Members of the World Meteorological Organization (WMO) and the US National Centers for Environmental Information (NCEI) have published comprehensive climate data sets after a massive two-year effort.
The updated information from more than 140 countries and thousands of locations is the climate equivalent of a census and is vital to monitoring climate change and for climate-sensitive sectors.
To assess whether a given day, week, month or year was warmer or wetter than average, WMO uses 30-year baseline averages, known as Climatological Standard Normals (CLINO).
NCEI has just issued the new WMO CLINOs 1991-2020 to replace the previous baseline of 1981-2010. Additional countries will still be submitting their updates in the coming months. WMO recommends that the CLINO be updated every decade to better reflect the changing climate and its influence on our day-to-day weather experience.
“Rising atmospheric concentrations of greenhouse gases are changing Earth’s climate much faster than before. As a result, decision makers in climate-sensitive sectors and industries such as water management, energy, health, agriculture and viticulture could be basing important decisions on information that may be out of date,” said Dr Omar Baddour, chief of climate monitoring at WMO.
“Thus it is necessary to update the CLINOs for operational services for decision making, for example for forecasts of peak energy loads and recommendations on crop selection and planting times,” he said.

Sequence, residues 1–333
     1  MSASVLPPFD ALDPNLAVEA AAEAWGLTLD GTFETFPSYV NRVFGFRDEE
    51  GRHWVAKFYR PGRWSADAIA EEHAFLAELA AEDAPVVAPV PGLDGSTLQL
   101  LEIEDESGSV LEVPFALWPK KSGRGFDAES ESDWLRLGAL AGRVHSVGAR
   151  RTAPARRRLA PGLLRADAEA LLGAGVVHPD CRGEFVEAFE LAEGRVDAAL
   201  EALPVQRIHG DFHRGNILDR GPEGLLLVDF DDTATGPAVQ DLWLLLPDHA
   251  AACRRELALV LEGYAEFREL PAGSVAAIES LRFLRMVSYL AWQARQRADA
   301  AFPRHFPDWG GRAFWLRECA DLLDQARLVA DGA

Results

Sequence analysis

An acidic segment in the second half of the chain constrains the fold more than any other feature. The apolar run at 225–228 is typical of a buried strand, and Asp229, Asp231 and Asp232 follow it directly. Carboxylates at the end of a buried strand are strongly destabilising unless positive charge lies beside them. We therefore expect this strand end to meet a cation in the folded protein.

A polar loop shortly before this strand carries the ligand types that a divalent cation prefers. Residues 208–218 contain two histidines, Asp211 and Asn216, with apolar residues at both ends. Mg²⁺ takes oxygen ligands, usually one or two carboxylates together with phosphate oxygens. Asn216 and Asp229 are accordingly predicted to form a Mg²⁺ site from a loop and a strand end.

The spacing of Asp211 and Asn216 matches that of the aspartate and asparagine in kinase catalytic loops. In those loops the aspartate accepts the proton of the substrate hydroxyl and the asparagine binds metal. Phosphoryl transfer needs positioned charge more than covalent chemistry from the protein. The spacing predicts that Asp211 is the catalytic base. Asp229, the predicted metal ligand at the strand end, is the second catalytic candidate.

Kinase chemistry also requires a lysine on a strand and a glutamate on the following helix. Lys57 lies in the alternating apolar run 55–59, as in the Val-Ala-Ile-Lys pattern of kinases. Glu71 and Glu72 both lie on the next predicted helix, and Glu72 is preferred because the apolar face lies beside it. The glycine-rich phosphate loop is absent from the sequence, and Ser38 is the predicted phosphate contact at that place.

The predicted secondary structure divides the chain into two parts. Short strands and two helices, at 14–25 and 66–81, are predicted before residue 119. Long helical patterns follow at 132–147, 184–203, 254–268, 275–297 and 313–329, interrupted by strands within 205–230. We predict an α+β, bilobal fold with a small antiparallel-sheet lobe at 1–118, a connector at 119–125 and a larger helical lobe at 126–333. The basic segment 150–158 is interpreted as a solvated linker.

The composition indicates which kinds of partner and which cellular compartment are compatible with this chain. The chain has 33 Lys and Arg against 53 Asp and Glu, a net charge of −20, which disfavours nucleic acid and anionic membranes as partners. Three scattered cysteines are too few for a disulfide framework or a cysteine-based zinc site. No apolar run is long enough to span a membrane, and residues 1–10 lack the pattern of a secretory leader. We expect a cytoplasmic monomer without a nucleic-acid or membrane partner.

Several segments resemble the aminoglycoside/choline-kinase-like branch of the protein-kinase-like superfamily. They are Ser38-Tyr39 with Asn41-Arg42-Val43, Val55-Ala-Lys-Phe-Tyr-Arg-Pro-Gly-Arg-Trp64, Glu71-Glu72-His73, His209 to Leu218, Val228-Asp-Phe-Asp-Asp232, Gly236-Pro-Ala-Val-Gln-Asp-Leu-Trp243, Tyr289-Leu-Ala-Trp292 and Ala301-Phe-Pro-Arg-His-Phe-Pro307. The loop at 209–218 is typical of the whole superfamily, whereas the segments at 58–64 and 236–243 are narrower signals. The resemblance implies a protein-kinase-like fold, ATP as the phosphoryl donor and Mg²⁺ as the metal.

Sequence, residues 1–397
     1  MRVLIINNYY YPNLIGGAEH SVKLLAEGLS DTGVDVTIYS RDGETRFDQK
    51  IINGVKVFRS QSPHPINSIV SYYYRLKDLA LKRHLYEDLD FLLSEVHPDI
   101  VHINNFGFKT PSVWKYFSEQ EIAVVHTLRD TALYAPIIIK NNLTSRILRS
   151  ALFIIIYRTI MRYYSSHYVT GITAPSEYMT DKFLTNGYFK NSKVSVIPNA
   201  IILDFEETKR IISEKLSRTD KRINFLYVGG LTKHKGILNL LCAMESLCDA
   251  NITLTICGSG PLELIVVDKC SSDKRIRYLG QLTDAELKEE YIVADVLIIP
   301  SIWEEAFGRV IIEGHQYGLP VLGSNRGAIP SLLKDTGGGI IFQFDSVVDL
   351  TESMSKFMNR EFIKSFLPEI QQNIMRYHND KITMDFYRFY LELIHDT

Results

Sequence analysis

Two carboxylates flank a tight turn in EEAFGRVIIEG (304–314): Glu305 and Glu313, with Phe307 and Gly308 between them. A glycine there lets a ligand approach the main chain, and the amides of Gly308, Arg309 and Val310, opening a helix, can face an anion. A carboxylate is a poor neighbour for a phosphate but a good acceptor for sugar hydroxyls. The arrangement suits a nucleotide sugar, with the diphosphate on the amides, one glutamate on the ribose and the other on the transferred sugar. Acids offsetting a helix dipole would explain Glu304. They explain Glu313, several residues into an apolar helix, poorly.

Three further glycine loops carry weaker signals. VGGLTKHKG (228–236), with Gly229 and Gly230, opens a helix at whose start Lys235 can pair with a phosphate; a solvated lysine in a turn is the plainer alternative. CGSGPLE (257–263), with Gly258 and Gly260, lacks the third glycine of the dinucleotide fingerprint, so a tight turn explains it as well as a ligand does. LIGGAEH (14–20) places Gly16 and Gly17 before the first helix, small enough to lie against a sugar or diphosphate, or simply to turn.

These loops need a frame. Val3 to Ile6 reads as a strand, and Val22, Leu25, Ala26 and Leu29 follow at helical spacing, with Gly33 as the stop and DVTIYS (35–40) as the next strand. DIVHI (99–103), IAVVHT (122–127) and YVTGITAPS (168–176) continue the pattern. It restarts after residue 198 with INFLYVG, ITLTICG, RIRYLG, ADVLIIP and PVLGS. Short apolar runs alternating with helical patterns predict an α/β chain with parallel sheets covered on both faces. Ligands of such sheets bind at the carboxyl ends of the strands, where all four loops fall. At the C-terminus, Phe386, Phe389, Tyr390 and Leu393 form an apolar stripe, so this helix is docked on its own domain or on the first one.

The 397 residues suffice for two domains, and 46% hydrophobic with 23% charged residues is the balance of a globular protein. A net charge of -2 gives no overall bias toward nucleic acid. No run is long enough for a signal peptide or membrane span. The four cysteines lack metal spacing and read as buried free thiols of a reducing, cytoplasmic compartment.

The World Meteorological Congress recommended that the new 30-year baseline be adopted globally and pledged support to members to help them update their figures. NCEI’s new publication is in line with that recommendation.
“Today’s increasingly powerful computers and climate data management systems make it much easier to conduct more frequent updates, which involve analyzing massive amounts of climate data,” said Peer Hechler, a WMO scientist involved in updating the norms.
“Another advantage of decadal updates is that they will make it possible to incorporate data from newly established weather stations into the normals more rapidly. But for developing countries, which have significant gaps in their data collection and processing capacity, this poses a real challenge.”
For historical comparison and climate change monitoring, WMO still recommends the continuation of the 1961-1990 period for the computation and tracking of global climate anomalies relative to a fixed and common reference period.
For the purpose of the Paris Agreement on climate change and its temperature targets, WMO also uses the 1850-1900 period as a pre-industrial baseline for tracking global temperature increase in its annual State of the Global Climate report. The average global temperature in 2022 was about 1.15 °C above the pre-industrial baseline.
It is anticipated that additional members will submit updated CLINO data in the coming months and WMO will publish the complete update in 2024.